The combined company plans to develop made-for-the-Internet programming aimed at people from 18 to 34 years old, a prime demographic for advertisers.
Online video site GoFish Corp. on Monday said it has agreed to buy rival Bolt Media, the same day the latter company was reportedly nearing a multi-million-dollar deal to settle a copyright-infringement suit filed by Universal Music Group.
GoFish said the stock-for-stock transaction was valued at up to $30 million. The combined company plans to develop made-for-the-Internet programming aimed at people from 18 to 34 years old, a prime demographic for advertisers. The transaction, which is subject to approval by Bolt shareholders, is expected to close in March or April.
"Bolt is one of the Internet's great youth brands and a perfect fit for GoFish," Michael Downing, co-founder and chief executive of San Francisco-based GoFish, said.
The deal was announced the same day The New York Times reported that Bolt planned to finish negotiating a deal this week with Universal Music Group, which sued the New York-based company in November for copyright infringement caused by users uploading Universal content to the site.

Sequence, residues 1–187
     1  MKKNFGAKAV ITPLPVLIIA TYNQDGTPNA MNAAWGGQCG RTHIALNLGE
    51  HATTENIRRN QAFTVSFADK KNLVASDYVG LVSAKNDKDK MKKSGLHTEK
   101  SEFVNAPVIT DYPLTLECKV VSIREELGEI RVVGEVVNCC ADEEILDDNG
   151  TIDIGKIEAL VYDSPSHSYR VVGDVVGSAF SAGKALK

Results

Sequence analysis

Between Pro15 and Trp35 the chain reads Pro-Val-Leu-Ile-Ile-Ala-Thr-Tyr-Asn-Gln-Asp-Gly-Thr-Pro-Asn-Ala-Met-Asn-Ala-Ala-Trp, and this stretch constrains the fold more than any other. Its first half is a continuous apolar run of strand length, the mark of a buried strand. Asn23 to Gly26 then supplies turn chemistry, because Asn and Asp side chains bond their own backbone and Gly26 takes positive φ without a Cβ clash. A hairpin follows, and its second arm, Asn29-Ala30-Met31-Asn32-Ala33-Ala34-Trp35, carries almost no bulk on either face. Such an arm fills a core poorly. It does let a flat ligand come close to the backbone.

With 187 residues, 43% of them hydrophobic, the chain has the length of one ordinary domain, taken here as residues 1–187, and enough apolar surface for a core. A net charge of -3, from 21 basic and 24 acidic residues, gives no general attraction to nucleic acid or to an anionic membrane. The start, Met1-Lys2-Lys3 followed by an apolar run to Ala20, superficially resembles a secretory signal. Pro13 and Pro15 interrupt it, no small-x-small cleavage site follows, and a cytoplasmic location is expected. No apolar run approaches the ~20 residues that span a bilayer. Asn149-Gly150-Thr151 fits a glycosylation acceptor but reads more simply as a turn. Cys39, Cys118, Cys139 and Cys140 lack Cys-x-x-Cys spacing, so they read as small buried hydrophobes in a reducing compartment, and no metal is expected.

The settlement is valued at several millions dollars, and includes Bolt agreeing to pay royalties each time its users post Universal content on the site. Bolt, according to the Times, agreed to sell itself to GoFish to pay for the settlement.
Besides Bolt, Universal, a unit of Vivendi SA, has filed a similar suit against popular online community MySpace, which is owned by News Corp. The suit, filed in November, is pending.
On Monday, MySpace said it was experimenting with filtering technology that would scan videos for unique digital fingerprints and compare them with those stored in a computer. Unauthorized video on the site that matched the fingerprints would be blocked. Universal was among the companies testing the technology.
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